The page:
In my case, I've never had qualms about showing my partners how much I eat, or how often I eat. Filipino blood dooms me to frequent meals, and large quantities of food, both of which are thankfully tempered by years growing up in California; hence, frequent meals become snacking every two hours on fruit or nuts (and don't be anywhere near me if I'm feeling hunger pangs because it will get ugly), and the large quantity of food consists mainly of vegetables and whole grains. My downfall is pasta, which, if you live with an Italian in Argentina, is hard to avoid.
But pasta is comfort food, and growing up in a Filipino household, spaghetti with tomato sauce was mysterious and exotic to me. So, imagine free access to something mysterious and exotic, and you have a pasta whore. It's like going to a secular, mixed-gender university after spending elementary school and high school in all-girls, Catholic schools. You tend to go a little crazy. And when my partner enjoys his pasta, and I enjoy my pasta with him, well, geez louise, it's just so much fun. He also enjoys watching me have dessert, too, and, though he'll only have 2 forkfuls of a cake I'm eating--he's way more anal when it comes to sweets because of a history of diabetes in his family--, he gets his kicks from seeing me scarf that sucker down. Eating together is a celebratory experience.
The strange thing is, contrary to the journal article's conclusions, I have lost weight in this relationship. One of the reasons is that my partner likes me at the the 52-55 kilo range. He gets downright horny. But before you think I do a weigh-in every morning, After living in hyper-self-conscious-bordering-on-neurotic Buenos Aires, one can't help but feel overt or covert pressure to look a certain way, which is tall and skinny. To combat this, I realized that it would be to guage my weight by how I feel about myself, and how I look in my clothes, rather than what any person, culture, or clothing tag says. As a result, I've become conscious about what weight feels comfortable to me, and, luckily, it hovers around the same range. Anything less than 52 (quite low for me), and I look "peaked", a comment I got from someone when I lost poundage because I was going through some emotional drama. Anything more than 55, and I feel like a sausage in my clothes, and my face becomes a giant moon pie. Besides, when stay within that range, I don't have to buy a whole new freaking wardrobe.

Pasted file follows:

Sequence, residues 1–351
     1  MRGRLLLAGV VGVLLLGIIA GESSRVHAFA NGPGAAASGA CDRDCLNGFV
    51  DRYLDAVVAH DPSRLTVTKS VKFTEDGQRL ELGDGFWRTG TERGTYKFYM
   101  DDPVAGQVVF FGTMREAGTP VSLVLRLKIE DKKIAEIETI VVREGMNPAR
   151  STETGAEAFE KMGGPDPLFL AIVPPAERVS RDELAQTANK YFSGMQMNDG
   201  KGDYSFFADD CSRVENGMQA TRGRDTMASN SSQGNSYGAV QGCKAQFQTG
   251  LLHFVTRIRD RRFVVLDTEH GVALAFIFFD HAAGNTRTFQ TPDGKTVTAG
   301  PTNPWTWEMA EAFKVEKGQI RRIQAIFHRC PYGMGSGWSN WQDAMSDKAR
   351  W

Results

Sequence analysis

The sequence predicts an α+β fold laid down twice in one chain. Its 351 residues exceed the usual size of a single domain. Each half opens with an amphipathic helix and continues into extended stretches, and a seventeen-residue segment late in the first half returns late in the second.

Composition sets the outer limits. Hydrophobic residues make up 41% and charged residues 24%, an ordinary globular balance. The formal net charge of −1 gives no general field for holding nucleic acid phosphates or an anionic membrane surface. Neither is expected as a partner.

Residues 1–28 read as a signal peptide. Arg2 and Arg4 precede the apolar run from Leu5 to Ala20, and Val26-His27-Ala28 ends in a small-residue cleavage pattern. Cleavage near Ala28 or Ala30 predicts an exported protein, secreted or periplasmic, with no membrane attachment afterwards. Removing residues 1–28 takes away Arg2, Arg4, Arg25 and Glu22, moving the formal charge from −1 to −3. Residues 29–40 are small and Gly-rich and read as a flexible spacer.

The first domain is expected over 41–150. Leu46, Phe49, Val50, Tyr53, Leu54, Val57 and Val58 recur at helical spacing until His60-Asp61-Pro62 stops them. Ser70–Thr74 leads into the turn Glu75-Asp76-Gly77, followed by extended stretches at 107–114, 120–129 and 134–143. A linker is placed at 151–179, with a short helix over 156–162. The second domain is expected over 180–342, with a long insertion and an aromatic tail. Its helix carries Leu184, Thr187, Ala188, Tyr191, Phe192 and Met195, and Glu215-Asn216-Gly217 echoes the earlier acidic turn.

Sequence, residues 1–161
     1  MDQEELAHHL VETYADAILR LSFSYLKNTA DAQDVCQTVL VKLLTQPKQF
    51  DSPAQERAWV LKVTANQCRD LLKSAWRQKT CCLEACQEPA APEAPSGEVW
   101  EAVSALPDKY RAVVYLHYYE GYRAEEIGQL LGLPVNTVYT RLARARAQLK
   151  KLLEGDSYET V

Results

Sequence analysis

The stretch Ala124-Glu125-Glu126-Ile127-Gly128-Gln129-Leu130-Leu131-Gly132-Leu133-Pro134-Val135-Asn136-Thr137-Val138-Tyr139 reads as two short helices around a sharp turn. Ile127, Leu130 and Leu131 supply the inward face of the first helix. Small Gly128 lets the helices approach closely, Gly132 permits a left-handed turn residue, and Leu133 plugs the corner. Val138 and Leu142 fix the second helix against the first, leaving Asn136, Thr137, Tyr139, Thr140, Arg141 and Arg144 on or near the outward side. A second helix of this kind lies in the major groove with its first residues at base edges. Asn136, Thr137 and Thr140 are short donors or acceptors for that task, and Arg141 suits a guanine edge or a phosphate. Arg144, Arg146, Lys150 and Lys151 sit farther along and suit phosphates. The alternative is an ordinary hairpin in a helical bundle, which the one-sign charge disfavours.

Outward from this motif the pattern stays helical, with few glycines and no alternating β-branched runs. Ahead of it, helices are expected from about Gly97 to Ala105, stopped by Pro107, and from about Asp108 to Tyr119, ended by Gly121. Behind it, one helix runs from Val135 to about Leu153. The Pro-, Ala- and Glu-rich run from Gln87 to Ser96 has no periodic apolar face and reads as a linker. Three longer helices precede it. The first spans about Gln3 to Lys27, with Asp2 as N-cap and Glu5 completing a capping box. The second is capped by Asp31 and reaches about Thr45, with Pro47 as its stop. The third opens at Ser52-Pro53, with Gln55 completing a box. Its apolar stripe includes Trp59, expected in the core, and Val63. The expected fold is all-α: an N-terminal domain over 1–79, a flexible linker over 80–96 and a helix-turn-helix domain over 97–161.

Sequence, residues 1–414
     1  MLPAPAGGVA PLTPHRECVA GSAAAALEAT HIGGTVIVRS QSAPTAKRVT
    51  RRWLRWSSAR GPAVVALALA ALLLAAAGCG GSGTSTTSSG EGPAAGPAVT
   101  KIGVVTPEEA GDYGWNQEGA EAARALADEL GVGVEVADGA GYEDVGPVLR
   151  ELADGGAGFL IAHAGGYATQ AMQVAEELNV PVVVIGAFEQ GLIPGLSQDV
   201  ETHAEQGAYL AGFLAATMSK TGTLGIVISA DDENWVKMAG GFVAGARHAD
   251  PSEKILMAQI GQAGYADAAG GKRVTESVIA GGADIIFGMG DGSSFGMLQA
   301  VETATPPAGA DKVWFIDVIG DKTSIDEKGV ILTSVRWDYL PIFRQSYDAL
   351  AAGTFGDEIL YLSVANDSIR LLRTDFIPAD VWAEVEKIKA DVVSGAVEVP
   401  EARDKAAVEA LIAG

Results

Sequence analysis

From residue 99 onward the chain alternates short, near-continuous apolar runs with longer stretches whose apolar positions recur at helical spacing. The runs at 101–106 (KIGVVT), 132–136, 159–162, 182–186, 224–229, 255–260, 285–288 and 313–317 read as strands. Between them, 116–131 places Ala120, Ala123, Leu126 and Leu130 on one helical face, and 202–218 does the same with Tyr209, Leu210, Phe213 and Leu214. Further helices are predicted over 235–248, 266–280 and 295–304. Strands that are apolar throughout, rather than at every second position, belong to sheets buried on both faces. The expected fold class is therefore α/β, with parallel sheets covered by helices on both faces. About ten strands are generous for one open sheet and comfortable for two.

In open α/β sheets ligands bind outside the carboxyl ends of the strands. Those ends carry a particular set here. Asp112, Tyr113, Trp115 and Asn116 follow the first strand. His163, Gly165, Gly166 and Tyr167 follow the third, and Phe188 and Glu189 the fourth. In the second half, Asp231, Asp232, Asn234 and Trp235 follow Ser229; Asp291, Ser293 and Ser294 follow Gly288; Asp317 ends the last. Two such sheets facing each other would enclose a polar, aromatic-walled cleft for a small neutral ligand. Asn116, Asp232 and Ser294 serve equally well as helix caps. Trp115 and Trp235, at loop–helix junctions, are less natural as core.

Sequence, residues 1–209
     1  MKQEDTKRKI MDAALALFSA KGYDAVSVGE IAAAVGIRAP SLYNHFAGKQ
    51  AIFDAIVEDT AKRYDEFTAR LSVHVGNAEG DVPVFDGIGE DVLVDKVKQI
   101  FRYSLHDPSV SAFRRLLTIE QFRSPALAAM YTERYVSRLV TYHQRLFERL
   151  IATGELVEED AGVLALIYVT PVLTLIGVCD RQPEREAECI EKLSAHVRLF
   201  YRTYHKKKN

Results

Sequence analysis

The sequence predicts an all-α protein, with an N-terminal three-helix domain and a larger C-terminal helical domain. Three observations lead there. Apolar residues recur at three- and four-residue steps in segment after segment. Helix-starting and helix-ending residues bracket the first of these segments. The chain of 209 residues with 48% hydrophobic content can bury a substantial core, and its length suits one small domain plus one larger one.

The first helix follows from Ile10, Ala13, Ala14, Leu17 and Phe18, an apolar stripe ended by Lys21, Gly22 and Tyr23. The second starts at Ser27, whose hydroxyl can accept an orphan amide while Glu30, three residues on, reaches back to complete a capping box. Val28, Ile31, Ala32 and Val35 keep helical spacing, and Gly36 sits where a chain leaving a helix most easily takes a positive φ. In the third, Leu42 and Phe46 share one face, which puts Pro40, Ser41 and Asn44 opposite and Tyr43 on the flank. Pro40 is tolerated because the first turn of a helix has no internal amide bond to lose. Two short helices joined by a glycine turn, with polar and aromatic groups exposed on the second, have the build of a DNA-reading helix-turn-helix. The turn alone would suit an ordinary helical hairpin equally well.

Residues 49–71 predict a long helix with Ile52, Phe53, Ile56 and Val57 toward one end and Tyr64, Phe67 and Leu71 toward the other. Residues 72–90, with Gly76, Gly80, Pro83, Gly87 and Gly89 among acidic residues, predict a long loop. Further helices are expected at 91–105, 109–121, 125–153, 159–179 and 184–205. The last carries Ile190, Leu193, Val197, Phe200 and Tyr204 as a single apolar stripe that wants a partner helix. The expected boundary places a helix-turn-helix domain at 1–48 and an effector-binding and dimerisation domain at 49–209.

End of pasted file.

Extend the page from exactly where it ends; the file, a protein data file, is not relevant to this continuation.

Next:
Most importantly, I feel good and healthy physically, mentally, emotionally, and spiritually. I feel sexy when I take care of myself for myself, which makes my partner feel sexy, and makes him want to continue to take care of himself. In the end, whether or not Argentine or North American society thinks I'm fat or average or skinny, or whether or not I have a partner, or whether I fit or don't fit into my "skinny" jeans, what matters is remembering to care for myself, and how I feel doing so.